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The Iraq Study Group: Regionalisation Not Balkanisation

By Reidar Visser (http://historiae.org)

6 December 2006

In a remarkable rejection of partitionist winds that have blown through America over the past year, the Iraq Study Group (ISG) in its report of 6 December 2006 recommended a final big push for the Iraqi national reconciliation process, with the collective effort of regional powers as a potential catalyst.

As far as state structure issues are concerned, partition (or any kind of unconstitutional federalisation, whether “from above” by Iraqi elite politicians or on the basis of foreign advice) was apparently never taken seriously by the ISG. Already prior to the release of the report, a few members of the ISG working groups had complained to the press that they had felt marginalised during the process and that their proposals never truly came on the agenda. The report itself rather brusquely dismisses the prospect of “devolution to three regions” (p. 43), citing arguments that for once are almost identical to those of the Bush administration: practical infeasibility and the dangers of greater regional chaos. Elsewhere, the report mostly shuns the federalisation question, with the implicit message that the ISG envisages this process to stay on track according to the constitution: outside Kurdistan, federal decentralisation is optional not mandatory, and if it is to be done, it will start by initiatives “from below” in the Iraqi governorates, not by Baghdad politicians or by outsiders with “plans” for Iraq.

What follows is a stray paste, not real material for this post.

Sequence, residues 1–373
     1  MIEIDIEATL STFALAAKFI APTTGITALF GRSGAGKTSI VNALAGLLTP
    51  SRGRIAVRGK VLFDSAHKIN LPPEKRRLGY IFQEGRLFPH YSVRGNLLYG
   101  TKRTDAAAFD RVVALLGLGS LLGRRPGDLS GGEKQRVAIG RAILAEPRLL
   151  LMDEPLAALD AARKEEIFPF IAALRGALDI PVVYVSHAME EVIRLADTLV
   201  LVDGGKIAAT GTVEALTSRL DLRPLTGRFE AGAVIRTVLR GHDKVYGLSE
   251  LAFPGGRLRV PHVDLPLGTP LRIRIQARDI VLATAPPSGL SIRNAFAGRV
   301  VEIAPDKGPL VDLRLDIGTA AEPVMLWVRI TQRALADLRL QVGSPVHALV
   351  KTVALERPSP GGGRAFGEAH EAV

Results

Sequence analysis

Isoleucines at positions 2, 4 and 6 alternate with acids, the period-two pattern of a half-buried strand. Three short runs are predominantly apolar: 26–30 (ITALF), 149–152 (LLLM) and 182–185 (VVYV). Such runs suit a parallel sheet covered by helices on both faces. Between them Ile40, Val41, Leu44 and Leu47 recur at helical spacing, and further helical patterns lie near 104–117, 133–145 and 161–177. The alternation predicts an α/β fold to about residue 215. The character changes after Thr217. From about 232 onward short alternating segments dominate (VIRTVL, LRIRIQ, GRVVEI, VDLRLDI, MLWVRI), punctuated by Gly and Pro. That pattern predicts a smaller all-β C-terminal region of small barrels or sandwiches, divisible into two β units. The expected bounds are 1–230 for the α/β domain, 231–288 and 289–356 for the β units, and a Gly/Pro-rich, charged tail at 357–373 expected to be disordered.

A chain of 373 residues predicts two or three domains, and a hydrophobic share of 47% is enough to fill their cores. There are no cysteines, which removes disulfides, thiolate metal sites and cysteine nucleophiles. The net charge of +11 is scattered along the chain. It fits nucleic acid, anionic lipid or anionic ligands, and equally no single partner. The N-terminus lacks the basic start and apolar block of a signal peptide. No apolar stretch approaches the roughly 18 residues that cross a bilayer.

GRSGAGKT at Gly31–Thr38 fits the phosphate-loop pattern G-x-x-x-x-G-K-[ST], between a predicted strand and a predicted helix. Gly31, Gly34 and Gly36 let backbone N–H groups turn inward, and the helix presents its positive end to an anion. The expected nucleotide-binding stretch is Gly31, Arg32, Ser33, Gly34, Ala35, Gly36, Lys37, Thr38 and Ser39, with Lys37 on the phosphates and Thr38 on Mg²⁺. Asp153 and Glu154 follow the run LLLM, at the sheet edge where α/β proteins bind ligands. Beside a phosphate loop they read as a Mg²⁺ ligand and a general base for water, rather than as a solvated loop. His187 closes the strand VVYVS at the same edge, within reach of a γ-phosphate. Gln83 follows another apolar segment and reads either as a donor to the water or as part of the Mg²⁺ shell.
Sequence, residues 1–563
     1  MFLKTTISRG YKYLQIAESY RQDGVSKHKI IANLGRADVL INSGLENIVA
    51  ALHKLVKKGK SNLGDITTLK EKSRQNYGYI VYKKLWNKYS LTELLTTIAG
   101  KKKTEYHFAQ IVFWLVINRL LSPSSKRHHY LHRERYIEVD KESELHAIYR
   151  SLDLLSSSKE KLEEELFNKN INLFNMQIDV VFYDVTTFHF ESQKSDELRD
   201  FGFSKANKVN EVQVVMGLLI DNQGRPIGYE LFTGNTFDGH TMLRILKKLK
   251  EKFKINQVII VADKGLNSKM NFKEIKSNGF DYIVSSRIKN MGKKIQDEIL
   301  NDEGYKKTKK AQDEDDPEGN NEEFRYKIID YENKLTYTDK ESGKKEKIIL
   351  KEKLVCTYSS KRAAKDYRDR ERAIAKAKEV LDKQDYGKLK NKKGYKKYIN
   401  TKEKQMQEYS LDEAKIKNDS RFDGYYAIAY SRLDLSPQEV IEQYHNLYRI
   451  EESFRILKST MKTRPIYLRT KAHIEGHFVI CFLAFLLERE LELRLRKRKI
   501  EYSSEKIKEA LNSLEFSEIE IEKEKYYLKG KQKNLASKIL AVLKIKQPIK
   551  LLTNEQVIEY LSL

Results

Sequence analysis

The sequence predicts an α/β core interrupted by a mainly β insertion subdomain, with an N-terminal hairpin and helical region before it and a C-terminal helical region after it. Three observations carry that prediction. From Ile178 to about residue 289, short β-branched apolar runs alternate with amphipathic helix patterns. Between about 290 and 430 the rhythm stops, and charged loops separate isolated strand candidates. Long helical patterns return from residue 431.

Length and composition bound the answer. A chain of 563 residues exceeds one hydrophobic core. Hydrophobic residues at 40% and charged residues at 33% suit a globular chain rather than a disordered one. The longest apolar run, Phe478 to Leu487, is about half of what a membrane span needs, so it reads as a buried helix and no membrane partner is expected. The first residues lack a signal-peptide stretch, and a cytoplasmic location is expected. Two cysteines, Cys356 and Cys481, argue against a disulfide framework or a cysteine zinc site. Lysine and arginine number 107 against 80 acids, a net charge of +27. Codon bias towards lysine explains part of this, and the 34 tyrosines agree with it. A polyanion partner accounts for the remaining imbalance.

Instead, the report advocates a serious attempt to get the national reconciliation process back on track, especially as regards re-inclusion of the Sunnis. To facilitate this, it proposes new initiatives at several levels. Perhaps most significantly, there are proposals to work for greater regional momentum that could be conducive to a more peaceful Iraq. The ISG advocates the creation of an “international support group” for Iraq that would include neighbouring states, which in a collective forum might be able to transcend some of their narrow interests linked to their particular protégées inside Iraq. Importantly, active steps to progress in the wider Arab–Israeli conflict and the Palestine issue are recognised as a central pillar for improving the regional atmosphere.

The ISG also suggests that the Iraqi government itself is not doing enough to drive the national reconciliation effort forward. It focuses on the need for rapprochement with the marginalised Sunnis, and introduces several new ideas about how to achieve that. These include a suggestion for United Nations support in the constitutional revision process, a rather outspoken criticism of the current Iraqi constitution’s allotment of undiscovered “future” oil fields to the regions instead of to the central government (apparently the criticism is also directed against regional control of the oil sector as such), international arbitration over Kirkuk, and a delay of the Kirkuk referendum (pp. 65–66.) There is also a more general “talk-to-everyone-but-al-Qaida” attitude throughout the report.